Tuesday, January 8, 2019

Five Things have Changed in Russia in Last Year and Five have Not, Kalachev Says

Paul Goble

            Staunton, January 8 – In a wide-ranging, 5,000-word interview in Kazan’s Business-Gazeta, Moscoc commentator Konstantin Kalachev says that over the last year, five significant things have changed in Russia, but five equally significant ones have not, a pattern likely to continue in 2019 and make the situation worse (business-gazeta.ru/article/408753).

            The five things he says have changed include:

1.      A growing sense among all Russians that the old model of the system based on confrontation with the West and of Russia as a besieged fortress has exhausted itself without a new model having been put in place or even thought up.

2.      Russians feel that the views them with hostility, that there is among powerful a sense of “we” versus “they” – and ordinary Russians feel they are very much the latter.

3.      For Russians, Putin is no longer a “sacred” figure and the notion that he is a good tsar surrounded by bad boyars is not believed.

4.      Russians have come to believe that elections matter and can change the situation, something few believed in in the past.

5.      Russians had hoped that Putin could refocus from foreign policy his passion to domestic issues affecting them but no longer believe he can.

The five things Kalachev says have NOT changed include:

1.      The Putin elite distrusts the population just as much as it ever did.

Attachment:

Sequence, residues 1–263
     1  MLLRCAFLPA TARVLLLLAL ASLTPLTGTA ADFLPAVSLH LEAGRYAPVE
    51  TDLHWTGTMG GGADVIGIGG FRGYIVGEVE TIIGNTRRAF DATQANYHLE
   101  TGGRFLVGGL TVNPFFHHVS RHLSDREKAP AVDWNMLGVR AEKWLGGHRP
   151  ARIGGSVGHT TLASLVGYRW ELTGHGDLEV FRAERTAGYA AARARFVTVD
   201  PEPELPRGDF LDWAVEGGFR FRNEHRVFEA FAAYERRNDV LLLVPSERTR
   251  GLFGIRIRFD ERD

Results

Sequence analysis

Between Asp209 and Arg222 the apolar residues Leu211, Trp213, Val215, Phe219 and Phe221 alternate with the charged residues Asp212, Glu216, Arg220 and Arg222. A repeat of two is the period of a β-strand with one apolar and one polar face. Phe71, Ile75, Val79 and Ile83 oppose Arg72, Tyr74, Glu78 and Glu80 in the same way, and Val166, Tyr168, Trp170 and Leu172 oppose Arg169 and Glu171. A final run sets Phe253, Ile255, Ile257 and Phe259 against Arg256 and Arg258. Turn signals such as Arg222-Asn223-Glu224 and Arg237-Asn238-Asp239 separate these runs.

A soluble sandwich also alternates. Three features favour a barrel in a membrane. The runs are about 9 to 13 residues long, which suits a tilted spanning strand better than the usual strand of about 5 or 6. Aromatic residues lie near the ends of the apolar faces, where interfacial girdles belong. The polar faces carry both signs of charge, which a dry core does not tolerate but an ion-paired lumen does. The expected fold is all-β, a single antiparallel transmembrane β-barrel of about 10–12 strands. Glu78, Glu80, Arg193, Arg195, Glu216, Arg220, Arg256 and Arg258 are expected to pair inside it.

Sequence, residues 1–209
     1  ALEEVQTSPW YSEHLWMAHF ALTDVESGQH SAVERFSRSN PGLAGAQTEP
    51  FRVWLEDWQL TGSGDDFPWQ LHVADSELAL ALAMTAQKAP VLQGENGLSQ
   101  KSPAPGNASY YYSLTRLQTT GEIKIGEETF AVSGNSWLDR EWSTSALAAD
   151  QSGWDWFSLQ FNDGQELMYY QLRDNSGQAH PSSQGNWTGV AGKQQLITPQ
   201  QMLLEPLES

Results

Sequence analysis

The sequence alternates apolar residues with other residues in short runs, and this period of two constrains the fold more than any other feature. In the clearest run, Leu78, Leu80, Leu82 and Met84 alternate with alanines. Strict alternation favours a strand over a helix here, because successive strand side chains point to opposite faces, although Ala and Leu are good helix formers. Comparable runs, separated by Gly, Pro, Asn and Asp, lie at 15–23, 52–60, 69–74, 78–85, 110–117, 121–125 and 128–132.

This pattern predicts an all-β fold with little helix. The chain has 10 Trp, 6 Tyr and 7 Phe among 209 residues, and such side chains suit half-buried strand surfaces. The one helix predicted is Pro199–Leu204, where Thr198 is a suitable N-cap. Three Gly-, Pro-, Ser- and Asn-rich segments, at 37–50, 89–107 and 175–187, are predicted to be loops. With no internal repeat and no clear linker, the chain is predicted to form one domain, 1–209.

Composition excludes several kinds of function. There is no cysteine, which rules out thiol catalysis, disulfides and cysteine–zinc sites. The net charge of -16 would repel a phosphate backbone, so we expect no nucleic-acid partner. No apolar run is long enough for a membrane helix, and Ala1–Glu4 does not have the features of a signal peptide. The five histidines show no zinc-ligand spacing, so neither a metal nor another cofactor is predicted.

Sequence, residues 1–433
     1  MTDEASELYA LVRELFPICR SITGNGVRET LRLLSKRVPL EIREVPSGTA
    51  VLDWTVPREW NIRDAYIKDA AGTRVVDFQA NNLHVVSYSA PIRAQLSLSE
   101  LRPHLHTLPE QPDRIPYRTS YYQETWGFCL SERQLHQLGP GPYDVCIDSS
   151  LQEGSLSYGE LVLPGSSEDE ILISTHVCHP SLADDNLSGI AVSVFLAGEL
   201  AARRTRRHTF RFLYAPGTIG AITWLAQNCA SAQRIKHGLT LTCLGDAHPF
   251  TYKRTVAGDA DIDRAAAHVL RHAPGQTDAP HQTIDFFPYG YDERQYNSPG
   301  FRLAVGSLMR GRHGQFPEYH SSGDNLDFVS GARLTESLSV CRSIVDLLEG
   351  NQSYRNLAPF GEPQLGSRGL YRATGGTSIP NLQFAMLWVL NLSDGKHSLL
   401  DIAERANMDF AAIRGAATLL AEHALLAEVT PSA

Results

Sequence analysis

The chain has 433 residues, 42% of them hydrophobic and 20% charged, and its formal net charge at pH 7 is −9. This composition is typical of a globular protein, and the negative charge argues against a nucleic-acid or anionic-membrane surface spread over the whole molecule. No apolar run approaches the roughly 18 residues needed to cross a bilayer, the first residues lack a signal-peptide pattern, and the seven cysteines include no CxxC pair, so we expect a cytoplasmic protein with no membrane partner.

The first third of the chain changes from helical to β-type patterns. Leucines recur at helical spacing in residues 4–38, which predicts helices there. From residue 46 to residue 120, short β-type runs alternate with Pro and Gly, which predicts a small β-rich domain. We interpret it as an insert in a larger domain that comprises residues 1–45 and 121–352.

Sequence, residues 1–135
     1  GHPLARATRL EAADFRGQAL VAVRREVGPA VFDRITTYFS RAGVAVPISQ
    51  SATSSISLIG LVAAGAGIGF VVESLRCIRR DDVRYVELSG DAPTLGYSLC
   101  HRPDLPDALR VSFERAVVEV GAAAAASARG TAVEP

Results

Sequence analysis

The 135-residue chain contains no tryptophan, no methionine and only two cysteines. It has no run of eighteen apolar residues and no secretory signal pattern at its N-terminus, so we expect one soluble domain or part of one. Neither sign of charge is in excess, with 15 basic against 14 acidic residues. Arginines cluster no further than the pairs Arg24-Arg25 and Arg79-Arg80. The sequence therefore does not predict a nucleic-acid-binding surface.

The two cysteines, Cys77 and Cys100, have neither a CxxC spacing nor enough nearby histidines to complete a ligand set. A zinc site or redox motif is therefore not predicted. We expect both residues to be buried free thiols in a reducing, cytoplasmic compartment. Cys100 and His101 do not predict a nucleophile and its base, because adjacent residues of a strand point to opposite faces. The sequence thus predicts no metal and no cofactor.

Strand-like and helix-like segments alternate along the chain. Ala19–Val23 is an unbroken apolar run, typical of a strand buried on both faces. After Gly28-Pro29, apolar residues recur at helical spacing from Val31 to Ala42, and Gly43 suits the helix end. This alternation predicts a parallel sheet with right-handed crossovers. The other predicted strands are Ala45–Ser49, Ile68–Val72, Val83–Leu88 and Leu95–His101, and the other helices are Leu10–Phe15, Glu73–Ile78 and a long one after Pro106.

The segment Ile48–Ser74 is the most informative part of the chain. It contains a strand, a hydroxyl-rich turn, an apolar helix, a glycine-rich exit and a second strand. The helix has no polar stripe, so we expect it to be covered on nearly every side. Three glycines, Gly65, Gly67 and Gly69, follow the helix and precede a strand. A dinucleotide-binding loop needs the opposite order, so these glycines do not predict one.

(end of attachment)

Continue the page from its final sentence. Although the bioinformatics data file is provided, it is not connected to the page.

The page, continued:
2.      The opposition continues to suffer because it denies that Putin has done anything positive. “For them, he is evil.” But the majority of the population does not accept that view given that they have voted for him and that he has brought them benefits in the past.

3.      The distance from protest attitudes to protest actions remains “enormous” and “when people say they are ready to protest, that doesn’t mean that tomorrow they will go out into the square.”

4.      Opposition to regional amalgamation remains as strong as ever, something Putin has effectively acknowledged by saying that it will only happen if it is approved by referendum in each case.

5.      Putin remains “the chief moral authority and holder of all the threads of real administration.”

Given this pattern, Kalachev says, it is possible Putin will leave office before 2024 but “he will maintain control over the country.”  As for what will come in the next 12 months, he continues, “pessimists say that it cannot get worse, but optimists say they can. I am an optimist,” the Moscow analyst says. 

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